Habitat

Swans have switched extensively from natural to human-influenced habitats and patterns of living, and a transition from the wild stocks of Eastern Europe to the introduced species of the West. The eastern birds breed in scattered pairs on large open lakes with extensive shallow waters and in the deltas of southern rivers such as the Volga. In contrast to its western cousin, the eastern variety avoids proximity to man.

Food

This swan feeds mainly on aquatic vegetation obtained from depths of up to a meter, which it reaches by full up ending or by immersing the head and neck only. Agricultural pastures are used on a regular basis as a food resource and at times they have been known to take cereals. Research has shown that the daily food requirement for a molting adult is between 3.6 and 4.0 kg of wet vegetable food.




White Stork Ciconia ciconia (0135)

Without doubt the most publicized of the rare visitors to Abu Dhabi in 1984 were the flocks of White Storks which arrived in September and remained in diminishing numbers at Abu Dhabi International Airport until the end of January, 1985. Understandably, there were over-enthusiastic claims of thousands of birds, but realistic estimations from the airport indicate a figure of 200 to 300 and an equal number scattered in small pockets throughout Abu Dhabi Island. We have no records of any reports from other Emirates.

Initially, some were shot at the airport. This may seem harsh, but when the size of the birds is considered, plus the potential hazard to aircraft movements, some action had to be taken. It has to be remembered that one of the prime concerns of the Civil Aviation Authority is flight safety, and birds of any kind are always treated as a potential threat, particularly when in numbers. It is believed that an incident did occur, in January, in which three storks were ingested by an aircraft engine, causing the takeoff to be abandoned. A flock of about 20 wintered at the Airport, the main flock having departed early. After the incident, the remaining few birds departed, possibly on their return to the northern breeding grounds.

Distribution/Movement

The White Stork is found throughout Europe but in two major concentrations, the larger in northern and central Europe and the smaller in the west of Iberia and into North Africa. Concentrations are also found in Central and East Asia. The vast majority of birds migrate to tropical Africa, Iran and the Indian subcontinent. The main European departures occur during August and large flocks of up to 11,000 have been counted over the Bosphorus. In 1972, between 5 August and 4 October, an estimated 339,000 birds passed over the Bosphorus and Princess Islands of Turkey. During the same period, an estimated 35,000 passed south over Gibraltar. During migration, birds soar in thermals, avoiding long, tiring flights across large stretches of open water. They consequently cross the Mediterranean on two usually narrow fronts, one at Gibraltar and the other down the coast of the Levant. This migratory divide between two groups moving southwest and southeast is separated by a band roughly along the line of longitude 11E. The migratory crossings tend to favor deserts over thermally deficient areas like forests or broad seas.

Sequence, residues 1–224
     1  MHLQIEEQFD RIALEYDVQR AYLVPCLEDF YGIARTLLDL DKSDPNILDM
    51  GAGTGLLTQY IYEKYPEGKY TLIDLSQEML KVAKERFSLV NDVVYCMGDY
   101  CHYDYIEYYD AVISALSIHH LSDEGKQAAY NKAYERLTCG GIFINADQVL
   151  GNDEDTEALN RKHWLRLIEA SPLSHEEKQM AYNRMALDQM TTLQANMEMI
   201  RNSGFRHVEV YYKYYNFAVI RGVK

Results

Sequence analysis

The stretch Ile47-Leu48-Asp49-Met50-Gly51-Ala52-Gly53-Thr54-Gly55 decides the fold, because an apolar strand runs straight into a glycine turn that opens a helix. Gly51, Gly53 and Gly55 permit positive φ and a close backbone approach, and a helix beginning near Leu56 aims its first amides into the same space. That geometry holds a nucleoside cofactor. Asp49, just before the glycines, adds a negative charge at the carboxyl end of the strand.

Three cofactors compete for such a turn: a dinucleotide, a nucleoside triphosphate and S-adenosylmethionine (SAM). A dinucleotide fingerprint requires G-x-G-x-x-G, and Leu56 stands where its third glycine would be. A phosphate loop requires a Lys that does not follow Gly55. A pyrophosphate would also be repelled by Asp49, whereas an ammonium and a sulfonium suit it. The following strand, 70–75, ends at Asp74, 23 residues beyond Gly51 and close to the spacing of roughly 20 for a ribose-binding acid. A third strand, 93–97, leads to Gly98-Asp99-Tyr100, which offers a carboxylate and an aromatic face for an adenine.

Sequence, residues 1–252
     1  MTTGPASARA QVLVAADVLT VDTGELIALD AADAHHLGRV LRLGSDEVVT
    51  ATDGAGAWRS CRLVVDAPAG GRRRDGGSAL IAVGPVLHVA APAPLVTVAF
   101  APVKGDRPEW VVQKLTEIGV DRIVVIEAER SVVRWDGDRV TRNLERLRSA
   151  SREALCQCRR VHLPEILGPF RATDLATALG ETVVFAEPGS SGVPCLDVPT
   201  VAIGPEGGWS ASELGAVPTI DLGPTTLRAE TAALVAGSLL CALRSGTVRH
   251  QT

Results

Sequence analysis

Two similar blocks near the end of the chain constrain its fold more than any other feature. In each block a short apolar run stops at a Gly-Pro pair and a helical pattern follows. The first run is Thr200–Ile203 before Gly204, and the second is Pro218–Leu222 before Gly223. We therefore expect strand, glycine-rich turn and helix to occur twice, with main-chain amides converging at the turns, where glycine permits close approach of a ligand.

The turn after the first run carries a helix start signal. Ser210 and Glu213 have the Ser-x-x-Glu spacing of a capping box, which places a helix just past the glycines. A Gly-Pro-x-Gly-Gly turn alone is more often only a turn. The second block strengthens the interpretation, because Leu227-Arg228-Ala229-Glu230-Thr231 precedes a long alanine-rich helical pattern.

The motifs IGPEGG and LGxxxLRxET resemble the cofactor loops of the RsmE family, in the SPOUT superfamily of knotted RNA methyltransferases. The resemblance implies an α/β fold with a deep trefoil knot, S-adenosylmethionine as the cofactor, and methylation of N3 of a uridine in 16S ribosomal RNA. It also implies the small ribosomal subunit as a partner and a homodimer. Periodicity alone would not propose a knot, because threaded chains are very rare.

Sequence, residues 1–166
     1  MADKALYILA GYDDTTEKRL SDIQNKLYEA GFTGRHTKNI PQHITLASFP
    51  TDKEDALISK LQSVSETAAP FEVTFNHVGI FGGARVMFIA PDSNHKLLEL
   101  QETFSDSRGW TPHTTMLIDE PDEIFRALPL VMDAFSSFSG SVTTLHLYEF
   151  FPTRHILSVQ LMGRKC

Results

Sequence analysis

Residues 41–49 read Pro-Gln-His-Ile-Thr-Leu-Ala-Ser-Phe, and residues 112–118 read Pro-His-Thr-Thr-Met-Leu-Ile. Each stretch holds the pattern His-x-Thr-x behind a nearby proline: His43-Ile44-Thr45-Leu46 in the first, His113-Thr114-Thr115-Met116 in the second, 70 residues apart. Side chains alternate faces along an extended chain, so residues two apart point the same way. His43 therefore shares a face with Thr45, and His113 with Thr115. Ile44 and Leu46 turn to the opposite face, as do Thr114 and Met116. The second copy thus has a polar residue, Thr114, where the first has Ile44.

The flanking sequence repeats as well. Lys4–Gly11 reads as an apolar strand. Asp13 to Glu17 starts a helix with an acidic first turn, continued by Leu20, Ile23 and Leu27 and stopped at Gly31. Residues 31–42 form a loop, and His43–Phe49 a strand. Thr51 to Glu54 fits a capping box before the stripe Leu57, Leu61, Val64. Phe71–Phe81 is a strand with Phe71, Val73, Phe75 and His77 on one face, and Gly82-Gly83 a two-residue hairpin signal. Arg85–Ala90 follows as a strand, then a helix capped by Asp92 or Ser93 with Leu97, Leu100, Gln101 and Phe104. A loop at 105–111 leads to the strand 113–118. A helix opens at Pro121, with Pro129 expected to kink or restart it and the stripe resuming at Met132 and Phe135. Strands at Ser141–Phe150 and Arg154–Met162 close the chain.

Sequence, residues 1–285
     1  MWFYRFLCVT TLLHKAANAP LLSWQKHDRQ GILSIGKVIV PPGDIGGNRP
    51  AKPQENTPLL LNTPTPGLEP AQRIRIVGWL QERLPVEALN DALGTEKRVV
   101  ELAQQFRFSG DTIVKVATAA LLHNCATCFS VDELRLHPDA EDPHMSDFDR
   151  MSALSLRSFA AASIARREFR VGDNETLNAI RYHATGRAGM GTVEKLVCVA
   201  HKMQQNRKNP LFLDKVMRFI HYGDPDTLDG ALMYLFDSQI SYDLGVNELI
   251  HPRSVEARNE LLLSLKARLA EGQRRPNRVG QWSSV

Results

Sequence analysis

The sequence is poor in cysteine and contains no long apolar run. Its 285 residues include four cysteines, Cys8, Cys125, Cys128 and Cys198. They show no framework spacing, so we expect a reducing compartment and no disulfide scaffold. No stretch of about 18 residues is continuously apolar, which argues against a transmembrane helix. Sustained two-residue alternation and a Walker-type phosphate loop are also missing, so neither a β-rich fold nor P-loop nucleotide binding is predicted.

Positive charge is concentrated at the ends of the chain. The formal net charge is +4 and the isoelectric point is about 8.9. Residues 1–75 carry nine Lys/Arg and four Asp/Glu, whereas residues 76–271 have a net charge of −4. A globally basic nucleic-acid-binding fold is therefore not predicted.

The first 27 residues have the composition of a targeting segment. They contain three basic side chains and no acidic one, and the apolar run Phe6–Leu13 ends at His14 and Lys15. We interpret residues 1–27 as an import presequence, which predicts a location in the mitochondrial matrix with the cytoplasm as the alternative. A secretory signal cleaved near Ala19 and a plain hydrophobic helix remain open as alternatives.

Those migrating to the southwest winter mainly in the steppes and savannah zones of West Africa, while those from central and Eastern Europe opt for eastern and southern Africa. There is a tendency for separate winter quarters but some mixing of the populations does take place.

There is a further migratory divide in the areas from the east coast of the Black Sea south to the Euphrates, and from Armenia and Azerbaydzhan southeast to Iraq, Iran and Pakistan. It would seem that the Abu Dhabi visitors might have been blown off course over Turkey en route to east and South Africa, which has happened before in a few recorded incidents.

Habitat

The White Stork is found in areas of wetland, scattered trees, steppe and flooded land. It prefers shallow standing water in lagoons and sluggish streams. It is mainly found in lowland regions but where the habitat is similar it may breed at higher elevations, up to 2,500 feet in Morocco.

Food

This is exclusively animal, caught mainly while the bird is running with head and bill pointed downwards. Small prey is swallowed while, while large prey such as mice is broken up. It is recorded that one bird ate 44 mice, two hamsters and one frog in an hour, and another ate 25 - 30 crickets a minute. The stork eats a wide variety of food, depending on availability.




Bibliography
  1. Handbook of the Birds of Europe and the Middle East and North Africa, by J. Heinzel, R. Fitter and J. Parslow, Collins, 1972.
  2. The Birds of the Western Palearctic, Vol. 1, by Cramp, Simmons et al, OUP, 1977.